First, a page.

“It’s Erin,” Russ says. “She’s in the hospital. She was hit by a car.”
“What?” Wes says. “How?”
“Don’t know,” Russ says.
Someone’s jabbing a finger in my throat again; I can’t breathe.
Mr. Allen pulls up, rolls down the window, and says, “Come on. Get in.”
I’m sliding through the worst streets of Bellmont now, seeing my blank reflection in the window—my face superimposed on our shitty neighborhood.
Try to breathe, I tell myself.
But it’s getting harder and harder.
“What happened?” I finally get the words out. “Is she okay?”
But no one answers, not even Mr. Allen, which seems bad.
“If you have the words, there’s always a chance that you’ll find the way.”
MR. ALLEN DROPS RUSS, WES, AND ME off at the emergency room and then goes to park his car. The automatic sliding doors close behind us and I throw up in the waiting-room trash can.
It feels like I’m turning inside out.
When I come up for air, half the room is looking at me. There’s maybe twenty or so sick, weary people sitting in chairs, and one homeless man pacing at the far end of the room, yelling, “Whenever I get help, I’m gonna be thankful! Whenever I get help, I’m gonna be thankful!” The other half is watching a show about sharks on the TV that hangs in the corner. I glance up just in time to see the massive jaws of a great white clamp down on a sea lion.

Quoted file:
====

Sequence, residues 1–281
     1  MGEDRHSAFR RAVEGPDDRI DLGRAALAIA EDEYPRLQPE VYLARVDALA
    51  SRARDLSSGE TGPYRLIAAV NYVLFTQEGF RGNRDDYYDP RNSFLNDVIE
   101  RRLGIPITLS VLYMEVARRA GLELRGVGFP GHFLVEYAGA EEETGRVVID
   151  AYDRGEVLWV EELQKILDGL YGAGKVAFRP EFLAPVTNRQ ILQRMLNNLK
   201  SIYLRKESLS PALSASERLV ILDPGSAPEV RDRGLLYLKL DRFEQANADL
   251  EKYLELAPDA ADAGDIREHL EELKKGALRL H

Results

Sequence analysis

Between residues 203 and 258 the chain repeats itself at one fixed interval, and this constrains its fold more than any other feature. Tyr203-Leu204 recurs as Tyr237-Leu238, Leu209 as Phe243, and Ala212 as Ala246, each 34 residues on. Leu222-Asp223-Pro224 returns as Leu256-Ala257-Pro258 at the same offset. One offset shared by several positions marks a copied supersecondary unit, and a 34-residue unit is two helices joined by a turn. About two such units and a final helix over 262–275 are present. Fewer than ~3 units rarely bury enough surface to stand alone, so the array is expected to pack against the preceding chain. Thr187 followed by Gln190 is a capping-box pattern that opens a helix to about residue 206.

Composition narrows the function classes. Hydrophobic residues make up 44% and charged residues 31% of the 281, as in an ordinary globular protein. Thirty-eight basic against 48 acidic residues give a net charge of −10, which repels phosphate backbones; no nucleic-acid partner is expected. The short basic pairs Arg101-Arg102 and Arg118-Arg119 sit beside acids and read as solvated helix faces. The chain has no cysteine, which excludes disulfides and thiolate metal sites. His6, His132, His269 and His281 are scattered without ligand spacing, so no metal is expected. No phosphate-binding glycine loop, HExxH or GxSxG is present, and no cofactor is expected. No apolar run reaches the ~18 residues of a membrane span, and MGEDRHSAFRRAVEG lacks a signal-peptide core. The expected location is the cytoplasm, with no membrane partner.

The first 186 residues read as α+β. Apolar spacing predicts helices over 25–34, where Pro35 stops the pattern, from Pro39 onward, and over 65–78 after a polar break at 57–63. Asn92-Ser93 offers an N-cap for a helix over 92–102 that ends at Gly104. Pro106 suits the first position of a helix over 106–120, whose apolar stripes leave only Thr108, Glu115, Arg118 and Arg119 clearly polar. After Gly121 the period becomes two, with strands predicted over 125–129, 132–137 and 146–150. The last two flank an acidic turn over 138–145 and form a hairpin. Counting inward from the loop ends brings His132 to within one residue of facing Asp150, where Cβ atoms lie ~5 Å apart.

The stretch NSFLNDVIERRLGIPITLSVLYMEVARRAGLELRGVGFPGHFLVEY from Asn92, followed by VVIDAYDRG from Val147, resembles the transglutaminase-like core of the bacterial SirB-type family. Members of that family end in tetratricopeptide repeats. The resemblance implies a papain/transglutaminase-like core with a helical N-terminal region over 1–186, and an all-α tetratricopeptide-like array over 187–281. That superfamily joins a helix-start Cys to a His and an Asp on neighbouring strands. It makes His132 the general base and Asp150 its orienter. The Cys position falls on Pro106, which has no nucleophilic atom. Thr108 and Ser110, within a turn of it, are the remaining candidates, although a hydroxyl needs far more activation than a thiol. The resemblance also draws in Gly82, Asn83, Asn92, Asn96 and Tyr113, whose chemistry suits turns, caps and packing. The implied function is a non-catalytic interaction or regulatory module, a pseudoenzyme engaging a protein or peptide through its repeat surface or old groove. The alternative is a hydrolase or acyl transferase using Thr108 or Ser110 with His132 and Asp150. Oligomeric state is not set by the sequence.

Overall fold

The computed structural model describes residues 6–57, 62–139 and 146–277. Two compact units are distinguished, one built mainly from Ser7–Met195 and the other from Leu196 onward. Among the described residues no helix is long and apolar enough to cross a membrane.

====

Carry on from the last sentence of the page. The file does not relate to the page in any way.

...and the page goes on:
Russ puts his hand on my back and says, “You all right?”
I puke again and just look up at my teammates when I finish.
I don’t know how I am.
“Listen,” Wes says, “you’re going to have to lie and say you’re family, or they won’t let you in. I know, because when my sister had her baby her friends tried to come in during the birth, and the hospital people said only immediate family could visit. So tell them you’re Rod. They’re probably not going to let Russ and me in, so you have to get yourself together.”
Wes’s hand is on my back now too. He says, “You need to be strong for Erin. Be a man. Okay?”
I nod because I’m supposed to, but I feel like I’m going to throw up again.